Breaking down the Kanji meanings gives: 抹 (erase), 消 (to make vanish, erase), 者 (he who/that which).
So both the given reading and the meaning is just "Eraser". Not eradicator. Are you just trying to look cool by making it one-up on Eraser because there are essentially two words for Eraser? Protip: English doesn't do this. It's just Eraser.

ボーイング - The one that's difficult is this bullshit. And I mean bullshit. It can be pronounced generally two ways: voeing and boeing with long o's. More commonly would be boeing. So either it's Boeing, Bowing (long o), or Voeing. The latter of which is a real thing. Voing, spelled just like that, is a Japanese automotive company that spells their name in English this way. And in Japanese they spell it with the exact same kana. So there's precedent for Voing, though it appears to be completely made up. There is no fucking preceding for Vowing and English doesn't even have a long-o word "vow". Boeing is just as likely if Voing is, since the only thing that refers to is the aeronautical company. If an automotive company is on the table, so is an aeronautical one. More so since Boeing actually makes things that fly. Most likely the actual word being used is Bowing. As in "to arch or bend" or "to create a rainbow". Probably the former of those two.

So here's my rationale for bowing over whatever the fuck bullshit "vowing" is supposed to be: Bowing is the arching or bending of something. This dragon is an Eraser, specifically someone who vanishes units with lightning. Archbending is often an attribute of lightning to the point that lighting is sometimes simply referred to as archs. Since the word in question is Katakana, it's foreign and most likely English, meaning bowing makes fine sense in this case.

tl;dr
Eraser Bowing Sword Dragon.

Edit: Look, I get that it's your intellectual property and you can do whatever you want, but at least try not to be illiterate in two different language, please Bushiroad. Ireizaa is not "Eradicator" and Booing is not Vowing with ow as in cow. If it's vowing as in "making a pledge", then you should've spelled it correctly in kana. If you type Eraser in kana, then don't fucking call it Eradicator. That's confusing and pointless.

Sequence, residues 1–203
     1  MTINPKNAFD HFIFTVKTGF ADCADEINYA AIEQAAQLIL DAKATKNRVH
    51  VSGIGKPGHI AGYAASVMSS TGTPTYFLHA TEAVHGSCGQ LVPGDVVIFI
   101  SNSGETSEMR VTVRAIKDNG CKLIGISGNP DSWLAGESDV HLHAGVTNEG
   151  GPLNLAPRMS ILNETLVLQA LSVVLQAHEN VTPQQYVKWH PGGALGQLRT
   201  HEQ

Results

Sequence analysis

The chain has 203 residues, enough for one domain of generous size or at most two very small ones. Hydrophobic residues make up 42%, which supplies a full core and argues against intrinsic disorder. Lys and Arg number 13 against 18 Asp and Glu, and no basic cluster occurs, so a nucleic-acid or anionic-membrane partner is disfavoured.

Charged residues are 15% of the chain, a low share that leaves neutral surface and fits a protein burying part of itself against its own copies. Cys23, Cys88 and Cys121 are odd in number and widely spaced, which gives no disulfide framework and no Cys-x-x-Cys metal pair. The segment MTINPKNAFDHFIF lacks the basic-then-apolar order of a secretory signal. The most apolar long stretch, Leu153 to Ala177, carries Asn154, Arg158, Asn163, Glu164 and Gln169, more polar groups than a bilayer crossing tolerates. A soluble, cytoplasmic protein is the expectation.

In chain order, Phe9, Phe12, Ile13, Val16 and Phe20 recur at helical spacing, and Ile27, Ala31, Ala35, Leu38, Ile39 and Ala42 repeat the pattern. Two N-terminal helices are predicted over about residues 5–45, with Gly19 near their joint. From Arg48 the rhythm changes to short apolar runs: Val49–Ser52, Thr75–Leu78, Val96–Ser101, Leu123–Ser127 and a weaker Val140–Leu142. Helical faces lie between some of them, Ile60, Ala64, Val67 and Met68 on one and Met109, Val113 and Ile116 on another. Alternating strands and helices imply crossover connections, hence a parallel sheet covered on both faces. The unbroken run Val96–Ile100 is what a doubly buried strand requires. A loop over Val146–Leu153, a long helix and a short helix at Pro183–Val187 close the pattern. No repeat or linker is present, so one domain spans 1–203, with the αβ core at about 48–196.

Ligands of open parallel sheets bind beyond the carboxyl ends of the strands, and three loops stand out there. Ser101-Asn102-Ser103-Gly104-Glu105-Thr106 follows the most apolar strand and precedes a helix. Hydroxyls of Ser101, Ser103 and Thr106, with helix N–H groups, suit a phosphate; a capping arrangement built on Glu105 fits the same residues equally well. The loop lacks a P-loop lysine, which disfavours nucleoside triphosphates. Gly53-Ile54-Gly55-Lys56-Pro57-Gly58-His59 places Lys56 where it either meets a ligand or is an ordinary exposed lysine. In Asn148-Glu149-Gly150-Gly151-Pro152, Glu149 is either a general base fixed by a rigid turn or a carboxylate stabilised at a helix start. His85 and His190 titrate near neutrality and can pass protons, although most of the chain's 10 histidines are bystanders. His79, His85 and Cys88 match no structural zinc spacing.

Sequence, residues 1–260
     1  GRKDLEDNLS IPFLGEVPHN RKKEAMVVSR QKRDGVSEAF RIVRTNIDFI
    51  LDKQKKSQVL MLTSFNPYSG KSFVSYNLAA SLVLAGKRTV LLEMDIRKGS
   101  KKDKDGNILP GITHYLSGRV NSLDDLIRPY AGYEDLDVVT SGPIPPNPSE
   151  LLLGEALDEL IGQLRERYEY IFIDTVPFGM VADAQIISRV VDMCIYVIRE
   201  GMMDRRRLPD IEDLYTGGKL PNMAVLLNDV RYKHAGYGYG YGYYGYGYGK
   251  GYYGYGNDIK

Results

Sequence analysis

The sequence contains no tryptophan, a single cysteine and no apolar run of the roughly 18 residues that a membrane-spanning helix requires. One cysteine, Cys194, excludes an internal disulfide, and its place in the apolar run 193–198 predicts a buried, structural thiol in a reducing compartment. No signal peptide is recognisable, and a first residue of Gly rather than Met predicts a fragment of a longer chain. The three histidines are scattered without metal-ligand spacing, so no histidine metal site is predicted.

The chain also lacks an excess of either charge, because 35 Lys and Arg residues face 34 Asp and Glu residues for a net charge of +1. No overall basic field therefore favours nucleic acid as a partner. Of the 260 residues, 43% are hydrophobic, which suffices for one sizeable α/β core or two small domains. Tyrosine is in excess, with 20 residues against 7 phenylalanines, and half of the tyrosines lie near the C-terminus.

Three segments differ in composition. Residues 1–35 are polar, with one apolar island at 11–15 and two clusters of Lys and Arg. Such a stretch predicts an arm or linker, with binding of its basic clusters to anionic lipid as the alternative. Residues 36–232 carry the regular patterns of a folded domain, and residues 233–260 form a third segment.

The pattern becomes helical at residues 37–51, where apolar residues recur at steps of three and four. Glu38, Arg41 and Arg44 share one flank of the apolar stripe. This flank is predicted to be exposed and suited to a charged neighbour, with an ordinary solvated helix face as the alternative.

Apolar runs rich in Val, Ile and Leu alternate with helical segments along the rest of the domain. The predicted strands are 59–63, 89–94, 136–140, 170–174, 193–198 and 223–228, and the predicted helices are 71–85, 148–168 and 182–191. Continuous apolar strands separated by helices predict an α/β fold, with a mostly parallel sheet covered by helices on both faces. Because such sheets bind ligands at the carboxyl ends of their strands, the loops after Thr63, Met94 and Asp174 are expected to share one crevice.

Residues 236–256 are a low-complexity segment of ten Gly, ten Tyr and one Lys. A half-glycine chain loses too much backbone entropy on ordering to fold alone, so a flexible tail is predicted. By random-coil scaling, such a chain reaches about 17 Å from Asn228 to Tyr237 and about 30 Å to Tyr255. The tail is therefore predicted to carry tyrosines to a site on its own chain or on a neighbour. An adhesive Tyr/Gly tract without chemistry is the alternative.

Last edited by Alice on 2012-12-19, 15:33; edited 1 time in total (Reason for editing : Edit: Bushiroad official)
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ScarletWeather

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PostSubject: Re: Translation Errors General   2012-12-19, 15:23

It's being called Eradicator because, weirdly, despite the name very definitely not BEING that...

http://bushiroad.fm/post/en/1863/Eradicator+Vowing+Sword+Dragon+Skill.html

Bushiroad has officially confirmed the English name as Eradicator, Vowing Sword Dragon.
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Alice
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PostSubject: Re: Translation Errors General   2012-12-19, 15:31

ScarletWeather wrote:
It's being called Eradicator because, weirdly, despite the name very definitely not BEING that...

http://bushiroad.fm/post/en/1863/Eradicator+Vowing+Sword+Dragon+Skill.html

Bushiroad has officially confirmed the English name as Eradicator, Vowing Sword Dragon.
So I was 2/3 correct then. It's Eraser ____ Sword Dragon in translation. However, in English they've chosen not to translate it, but to embellish instead. As for Vowing, I've left a question about that since vowing with a long-o isn't even a word in english and the kana do not denote a short-o.
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PostSubject: Re: Translation Errors General   2012-12-19, 16:42

It's Bushiroad.

Nobody working for them appears to be an actual native english speaker. Would certainly explain things like Devil Summoner's english-language flavor text.

(seriously what the hell hastly)
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Alice
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PostSubject: Re: Translation Errors General   2012-12-19, 17:31

Why can't Singaporeans speak English, yet they attempt to?
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mastermune

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PostSubject: Re: Translation Errors General   2012-12-19, 17:58

Probably the same reason Russians translated Final Fantasy Tactics for PS1, it was cheaper
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PostSubject: Re: Translation Errors General   2012-12-20, 07:41

Alice wrote:
Why can't Singaporeans speak English, yet they attempt to?
We speak Singlish one, you know one la.